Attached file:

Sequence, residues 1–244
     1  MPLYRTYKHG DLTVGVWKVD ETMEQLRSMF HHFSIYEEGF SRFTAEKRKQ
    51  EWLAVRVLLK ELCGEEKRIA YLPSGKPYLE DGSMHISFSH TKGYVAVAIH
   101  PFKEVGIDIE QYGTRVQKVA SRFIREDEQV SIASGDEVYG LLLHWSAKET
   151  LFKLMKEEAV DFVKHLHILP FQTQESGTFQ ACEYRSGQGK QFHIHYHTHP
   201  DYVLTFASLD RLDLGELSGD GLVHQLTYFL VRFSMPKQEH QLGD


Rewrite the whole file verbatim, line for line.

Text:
Sequence, residues 1–244
     1  MPLYRTYKHG DLTVGVWKVD ETMEQLRSMF HHFSIYEEGF SRFTAEKRKQ
    51  EWLAVRVLLK ELCGEEKRIA YLPSGKPYLE DGSMHISFSH TKGYVAVAIH
   101  PFKEVGIDIE QYGTRVQKVA SRFIREDEQV SIASGDEVYG LLLHWSAKET
   151  LFKLMKEEAV DFVKHLHILP FQTQESGTFQ ACEYRSGQGK QFHIHYHTHP
   201  DYVLTFASLD RLDLGELSGD GLVHQLTYFL VRFSMPKQEH QLGD